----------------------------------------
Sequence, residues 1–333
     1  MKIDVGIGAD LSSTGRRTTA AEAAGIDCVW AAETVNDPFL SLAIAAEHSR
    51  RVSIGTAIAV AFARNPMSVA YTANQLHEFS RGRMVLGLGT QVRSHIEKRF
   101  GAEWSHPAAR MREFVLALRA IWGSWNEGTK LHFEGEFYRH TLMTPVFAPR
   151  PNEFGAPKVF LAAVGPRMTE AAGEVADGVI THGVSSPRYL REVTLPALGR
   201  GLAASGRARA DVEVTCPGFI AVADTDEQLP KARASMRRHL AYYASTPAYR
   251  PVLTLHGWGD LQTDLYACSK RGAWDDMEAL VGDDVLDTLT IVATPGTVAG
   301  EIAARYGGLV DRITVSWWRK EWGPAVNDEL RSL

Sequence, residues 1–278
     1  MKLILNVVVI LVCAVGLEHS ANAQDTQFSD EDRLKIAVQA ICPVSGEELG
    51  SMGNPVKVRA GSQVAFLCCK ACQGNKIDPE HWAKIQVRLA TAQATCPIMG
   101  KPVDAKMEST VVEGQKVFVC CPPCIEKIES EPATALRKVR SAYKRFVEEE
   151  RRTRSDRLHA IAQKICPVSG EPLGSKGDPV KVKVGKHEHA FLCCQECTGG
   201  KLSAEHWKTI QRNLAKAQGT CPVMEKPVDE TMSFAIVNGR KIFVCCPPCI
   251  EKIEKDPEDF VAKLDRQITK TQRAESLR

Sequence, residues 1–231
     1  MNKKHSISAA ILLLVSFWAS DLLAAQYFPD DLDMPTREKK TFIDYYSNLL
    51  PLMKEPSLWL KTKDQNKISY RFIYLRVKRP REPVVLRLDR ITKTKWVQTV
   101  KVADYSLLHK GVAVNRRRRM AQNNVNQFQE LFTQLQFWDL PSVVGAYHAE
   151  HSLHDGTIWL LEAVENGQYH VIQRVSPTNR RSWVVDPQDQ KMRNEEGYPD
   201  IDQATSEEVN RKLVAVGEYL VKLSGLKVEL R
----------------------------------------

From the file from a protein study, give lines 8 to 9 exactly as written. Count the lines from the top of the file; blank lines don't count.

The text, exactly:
   301  EIAARYGGLV DRITVSWWRK EWGPAVNDEL RSL

Sequence, residues 1–278